• Jane and Finch Corridor The area is roughly bounded by Highway 400 to the west, Black Creek Ravine to the east, Grandravine Drive to the south, and Shoreham Drive to the north within Downsview. The Jane-Finch community has long been a media darling, with attention focussed on crime and gang activities. While there is little doubt that Jane-Finch has crime, there are other areas of North York and Toronto which have similar challenges. It also has one of the highest proportions of youth, sole-supported families, refugees and immigrants, low-income earners and public housing tenants of any community in Toronto. In January 2009, there was an effort to return to its original community name of University Heights to get rid of its notorious tag.
  • Flemingdon Park is bordered on the north by Eglinton Avenue East, on the west by the Don River (west branch), and on the east and south by the Don River (east branch). The 2 branches of the Don join at the neighbourhood’s southwest corner. The south border is technically a parkland access road formerly known as Old Lawrence Avenue. The community derives its name from its original owner, Robert John Fleming, the mayor of Toronto in 1892-1893 and 1896-1897, and the nearby Don River. This is another community with a significant criminal rate as well as highest proportions of immigrant, low income and sole-support families.

Get In

Public Transit

Central North York developed as a result of the subway and it is, therefore, easily accessible by transit. The Sheppard, North York Centre and Finch stations on the Yonge line and the Yonge station on the Sheppard line all serve central North York. From York Region, Viva express buses run to the Finch subway station, as do GO commuter buses and a large number of TTC buses. However, the areas away from the subway lines are pretty much inaccessible by transit, there are buses but they tend to be infrequent and slow.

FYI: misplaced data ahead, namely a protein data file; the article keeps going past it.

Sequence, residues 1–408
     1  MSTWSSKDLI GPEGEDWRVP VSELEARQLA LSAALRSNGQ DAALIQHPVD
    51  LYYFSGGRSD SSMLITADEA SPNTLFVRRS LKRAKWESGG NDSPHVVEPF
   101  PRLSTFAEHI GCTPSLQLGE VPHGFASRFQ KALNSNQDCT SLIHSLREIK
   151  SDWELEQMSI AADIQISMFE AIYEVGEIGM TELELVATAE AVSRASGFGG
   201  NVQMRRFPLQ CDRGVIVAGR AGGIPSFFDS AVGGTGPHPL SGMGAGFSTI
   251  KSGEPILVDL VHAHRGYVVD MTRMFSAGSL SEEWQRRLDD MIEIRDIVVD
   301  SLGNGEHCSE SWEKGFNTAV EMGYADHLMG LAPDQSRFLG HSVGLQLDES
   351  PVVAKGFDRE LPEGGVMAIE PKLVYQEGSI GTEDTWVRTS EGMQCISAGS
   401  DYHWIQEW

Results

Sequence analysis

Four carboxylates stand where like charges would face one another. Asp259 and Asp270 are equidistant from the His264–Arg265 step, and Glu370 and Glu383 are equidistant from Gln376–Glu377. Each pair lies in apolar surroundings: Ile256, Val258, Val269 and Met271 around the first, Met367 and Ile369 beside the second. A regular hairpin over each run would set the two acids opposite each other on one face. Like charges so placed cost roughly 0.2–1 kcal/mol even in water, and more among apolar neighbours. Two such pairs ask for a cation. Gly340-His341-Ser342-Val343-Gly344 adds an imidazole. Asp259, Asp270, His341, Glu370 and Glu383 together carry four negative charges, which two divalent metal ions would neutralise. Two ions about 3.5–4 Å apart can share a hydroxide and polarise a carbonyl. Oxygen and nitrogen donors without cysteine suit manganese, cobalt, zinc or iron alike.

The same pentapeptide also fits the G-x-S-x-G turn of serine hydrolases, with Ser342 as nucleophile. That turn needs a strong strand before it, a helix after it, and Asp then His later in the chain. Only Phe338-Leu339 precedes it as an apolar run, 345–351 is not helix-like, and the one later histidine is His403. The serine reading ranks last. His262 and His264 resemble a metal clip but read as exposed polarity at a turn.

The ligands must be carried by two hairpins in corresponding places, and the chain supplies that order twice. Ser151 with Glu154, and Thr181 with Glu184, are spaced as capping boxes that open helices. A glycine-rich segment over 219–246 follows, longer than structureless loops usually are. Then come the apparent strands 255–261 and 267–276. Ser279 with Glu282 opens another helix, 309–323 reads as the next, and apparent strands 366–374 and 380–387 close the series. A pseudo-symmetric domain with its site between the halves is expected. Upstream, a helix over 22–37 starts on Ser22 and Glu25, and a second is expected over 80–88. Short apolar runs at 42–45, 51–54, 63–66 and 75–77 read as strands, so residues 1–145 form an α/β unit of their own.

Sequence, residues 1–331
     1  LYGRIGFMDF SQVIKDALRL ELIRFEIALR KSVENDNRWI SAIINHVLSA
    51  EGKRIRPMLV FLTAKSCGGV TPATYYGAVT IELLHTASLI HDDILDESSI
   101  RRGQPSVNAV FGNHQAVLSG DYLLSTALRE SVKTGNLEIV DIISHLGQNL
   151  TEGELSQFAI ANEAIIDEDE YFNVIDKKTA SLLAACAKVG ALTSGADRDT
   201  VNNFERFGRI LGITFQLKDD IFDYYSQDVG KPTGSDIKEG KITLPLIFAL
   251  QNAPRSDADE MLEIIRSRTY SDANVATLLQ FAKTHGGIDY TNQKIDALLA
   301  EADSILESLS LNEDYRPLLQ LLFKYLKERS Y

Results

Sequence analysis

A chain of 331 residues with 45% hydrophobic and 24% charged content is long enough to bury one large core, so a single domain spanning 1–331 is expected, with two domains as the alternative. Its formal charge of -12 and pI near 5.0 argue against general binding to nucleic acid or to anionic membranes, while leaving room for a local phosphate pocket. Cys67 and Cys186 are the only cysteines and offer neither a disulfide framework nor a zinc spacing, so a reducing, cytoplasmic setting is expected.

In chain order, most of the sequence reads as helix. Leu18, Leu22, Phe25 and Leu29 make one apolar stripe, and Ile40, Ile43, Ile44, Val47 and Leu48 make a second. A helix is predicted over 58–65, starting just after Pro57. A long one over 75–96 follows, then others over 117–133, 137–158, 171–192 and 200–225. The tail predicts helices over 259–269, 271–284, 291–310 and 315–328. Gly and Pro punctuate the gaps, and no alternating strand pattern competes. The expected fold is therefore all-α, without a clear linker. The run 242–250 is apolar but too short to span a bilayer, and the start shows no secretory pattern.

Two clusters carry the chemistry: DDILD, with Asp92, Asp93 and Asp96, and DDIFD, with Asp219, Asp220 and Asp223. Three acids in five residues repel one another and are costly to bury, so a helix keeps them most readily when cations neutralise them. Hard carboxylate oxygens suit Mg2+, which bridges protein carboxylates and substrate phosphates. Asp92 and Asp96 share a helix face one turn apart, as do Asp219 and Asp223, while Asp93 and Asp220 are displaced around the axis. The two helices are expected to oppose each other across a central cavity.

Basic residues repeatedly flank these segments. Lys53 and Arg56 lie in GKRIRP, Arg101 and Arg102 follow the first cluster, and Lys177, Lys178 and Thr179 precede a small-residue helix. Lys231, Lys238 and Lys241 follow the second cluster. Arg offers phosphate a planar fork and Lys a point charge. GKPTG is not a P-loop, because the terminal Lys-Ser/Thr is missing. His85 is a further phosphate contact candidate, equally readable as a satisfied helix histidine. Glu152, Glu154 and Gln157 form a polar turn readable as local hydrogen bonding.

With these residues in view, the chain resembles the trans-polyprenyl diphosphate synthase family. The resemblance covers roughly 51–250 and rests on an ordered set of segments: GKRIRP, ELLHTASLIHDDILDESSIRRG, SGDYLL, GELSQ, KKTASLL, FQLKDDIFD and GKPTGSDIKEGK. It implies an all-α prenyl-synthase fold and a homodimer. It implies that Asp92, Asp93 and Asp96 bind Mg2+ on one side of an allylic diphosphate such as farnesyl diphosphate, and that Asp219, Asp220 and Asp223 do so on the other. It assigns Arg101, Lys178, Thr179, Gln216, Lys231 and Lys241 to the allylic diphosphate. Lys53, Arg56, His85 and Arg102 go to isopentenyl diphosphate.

• Black Creek Pioneer Village, 1000 Murray Ross Parkway, M3J 2P3, Toronto, ON (One set of lights east of Jane Street, on the South side of Steeles Avenue (follow the Village signs). TTC: Bus Steeles 60 West route from Finch subway station or Jane 35 route from Jane subway station. YRT: From the York University Terminal take the Route 10 (Woodbridge) bus or the Route 20 (Jane-Concord) bus to Jane Street & Steeles Avenue. From the Vaughan Mills terminal take the Route 20 (Jane-Concord) bus to Jane Street & Steeles Avenue.), 416-667-6295, [1]. To visit Black Creek Pioneer Village is to journey back in time to discover life in early Ontario. The Village is an example of a typical crossroads community found in the Toronto area during the 1800s. Here you will do much more than just learn about history. You will taste it, smell it, touch it, hear it and walk through it. As you explore 40 carefully restored heritage homes, shops & gardens, history will come alive as interpreters and artisans in period dress help you discover how settlers lived, worked and played.
  • Toronto Aerospace Museum, Parc Downsview Park, 65 Carl Hall Road, Box 1, Toronto, ON, M3K 2E1 (From Downsview subway station bus route 101, 108 Downsview, the 86 Sheppard West, Westbound or the 84 Sheppard West, Westbound. From Sheppard subway station, bus route 86 Sheppard West), (416) 638-6078 (, fax: (416) 638-5509), [2]. Wednesday, 10:00 am - 8:00 pm, Thursday - Saturday, 10:00 am - 4:00 pm, Sunday, 10:00 am - 4:00 pm, Holiday Mondays, 10:00 am - 4:00 pm.. The Toronto Aerospace Museum (TAM) is dedicated to developing an exciting educational, heritage and tourist attraction at Parc Downsview Park, in Toronto, Ontario, Canada. Founded in 1997, we are an important year-round attraction within Parc Downsview Park, Canada’s first urban national park. The TAM is located in a building that isn’t just full of history, but is part of history from the days of fabric and wire biplanes of the 1920’s to the dawn of the space age and Canada’s first satellite, launched in 1962. This historic building at Downsview is the original 1929 home of de Havilland Aircraft of Canada Ltd., one of Canada’s most successful aircraft manufacturers.